Black Light

November 4, 2018 | By | Add a Comment

What if, at the crossroads of your life—where you have to make decisions that will save you or damn you forever—you were not alone? What if a high priestess met you there, tall and sparkling, wise and smiling, reaching out her hand to guide your poor, fumbling human heart and teach you that you were equal to the task? Well thank you, Jomama Jones, because that is what you do for your audiences in Black Light

With producing support from Diana DiMenna and Joe’s Pub, Black Light has transferred from Joe’s Pub to Greenwich House Theater. It’s a little unfair to call the show a cabaret, because it is a fully realized piece of theatre designed to look like a cabaret, with an immersive scenic design by Gabriel Evasohn and magical lighting by Ania Parks. Stage platforms of various sizes are discretely tucked throughout the house, allowing the performers to move freely through the mix of traditional theatre seating and cabaret tables. Soul-goddess Jomama has been created and channeled by award-winning performer and head of Fordham University’s Playwriting program, Daniel Alexander Jones. She’s backed by the exceptional smooth harmonies of Vuyo Sotashe and Trevor Bachman; the standout band consists of musical director Tariq Al-Sabir on piano and vocals, Sean Dixon on drums, Michelle Marie Osbourne on Bass, and Josh Quat on guitar and vocals. Oana Botez’s costume design keeps Jomama in a constantly changing kaleidoscope of color and light.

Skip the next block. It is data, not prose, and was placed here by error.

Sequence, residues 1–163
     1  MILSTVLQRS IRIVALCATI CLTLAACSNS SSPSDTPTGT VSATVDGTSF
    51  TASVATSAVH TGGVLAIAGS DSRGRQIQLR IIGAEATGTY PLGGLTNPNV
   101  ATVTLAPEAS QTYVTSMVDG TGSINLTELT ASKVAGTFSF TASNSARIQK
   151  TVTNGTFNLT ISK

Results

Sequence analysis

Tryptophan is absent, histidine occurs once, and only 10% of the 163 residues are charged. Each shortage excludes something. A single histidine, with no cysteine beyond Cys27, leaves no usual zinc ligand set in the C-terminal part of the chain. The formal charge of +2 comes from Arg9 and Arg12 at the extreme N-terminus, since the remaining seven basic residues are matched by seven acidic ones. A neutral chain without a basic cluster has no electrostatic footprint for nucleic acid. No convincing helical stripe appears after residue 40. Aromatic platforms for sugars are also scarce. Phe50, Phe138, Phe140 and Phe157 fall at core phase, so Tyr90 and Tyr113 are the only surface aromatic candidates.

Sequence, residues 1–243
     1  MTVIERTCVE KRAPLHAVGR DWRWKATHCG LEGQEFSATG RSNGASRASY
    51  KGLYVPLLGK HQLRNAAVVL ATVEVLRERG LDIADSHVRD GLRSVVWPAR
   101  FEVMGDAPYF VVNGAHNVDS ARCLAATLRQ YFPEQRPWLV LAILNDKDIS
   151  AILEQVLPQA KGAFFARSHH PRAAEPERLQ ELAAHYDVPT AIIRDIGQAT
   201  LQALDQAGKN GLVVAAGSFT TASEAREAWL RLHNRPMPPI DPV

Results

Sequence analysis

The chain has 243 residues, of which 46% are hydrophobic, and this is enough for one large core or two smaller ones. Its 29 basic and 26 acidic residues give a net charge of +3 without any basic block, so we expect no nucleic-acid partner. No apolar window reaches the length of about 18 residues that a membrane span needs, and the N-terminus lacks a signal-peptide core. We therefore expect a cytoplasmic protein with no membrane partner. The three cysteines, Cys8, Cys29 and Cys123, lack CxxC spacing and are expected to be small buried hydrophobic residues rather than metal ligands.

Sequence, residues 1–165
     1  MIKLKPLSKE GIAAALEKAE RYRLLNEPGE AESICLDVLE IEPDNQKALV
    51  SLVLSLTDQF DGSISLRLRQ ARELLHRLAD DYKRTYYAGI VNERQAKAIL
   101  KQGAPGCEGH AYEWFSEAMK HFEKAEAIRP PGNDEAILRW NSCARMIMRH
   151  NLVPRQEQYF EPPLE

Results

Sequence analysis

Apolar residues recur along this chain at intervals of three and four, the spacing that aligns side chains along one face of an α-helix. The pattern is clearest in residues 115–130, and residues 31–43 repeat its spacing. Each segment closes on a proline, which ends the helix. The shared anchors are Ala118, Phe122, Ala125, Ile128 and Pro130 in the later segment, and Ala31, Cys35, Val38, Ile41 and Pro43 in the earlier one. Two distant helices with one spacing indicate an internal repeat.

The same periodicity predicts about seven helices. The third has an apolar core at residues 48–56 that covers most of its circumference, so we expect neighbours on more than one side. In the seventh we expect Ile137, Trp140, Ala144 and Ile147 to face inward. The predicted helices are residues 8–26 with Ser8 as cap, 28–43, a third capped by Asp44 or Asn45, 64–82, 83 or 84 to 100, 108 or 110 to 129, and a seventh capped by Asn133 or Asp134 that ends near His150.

Original songs are by Jomama Jones, Bobby Halvorson, Laura Jean Anderson, Dylan Meek, and Josh Quat, with additional music by Samora Pinderhughes and Tariq Al-Sabir. Musically, the show lives somewhere between disco and an ongoing homage to Prince, with arrangements reminiscent of Stevie Wonder and with rock and fusion jazz in the mix. Those tight harmonies and jazz chords keep a little tension and edge in the very catchy and melodic pop, with lyrics that tackle supernovas, surrender, magic, human needs, and illusions.

Jomama’s stories are the very stuff of life. Memories from her childhood are funny and scary. Huge sociopolitical themes are handled with care and inspire us to take care—without ever lecturing us. Our attention is never taken for granted and is earned moment by moment through a series of masterful choices by director Tea Alagic. The performers often break the fourth wall, in a way that is fully integrated and never invasive or disruptive to the audience’s experience.

Black Light‘s ongoing theme of the crossroads comes from the blues; it’s a betwixt-and-between situation, which, like all liminal places, is dangerous. It’s somewhere where distraction or ambition can tempt you to trade in your soul. Black Light finds the most beautiful possible way of asking you not to.

Greenwich House Theater
through November 11

Category: Reviews

About the Author ()

From Canada, Penelope Thomas came to NY to study dance with Merce Cunningham; then through a series of fortunate and unfortunate events, she wound up back in singing and acting. Credits include lead vocals with FauveMuseum on two albums and live at Symphony Space, singing back-up for Bistro Awards director Shellen Lubin at the Metropolitan Room, reading poet Ann Carson’s work at the Whitney, and touring North America and Europe with Mikel Rouse’s The End of Cinematics. In Toronto, she studied piano at the Royal Conservatory of Music and cello with the Claude Watson School for the Arts, and in New York she studied music theory with Mark Wade. She's taught in the New School’s Sweat musical theatre intensive and taught dance in public schools and conservatories.

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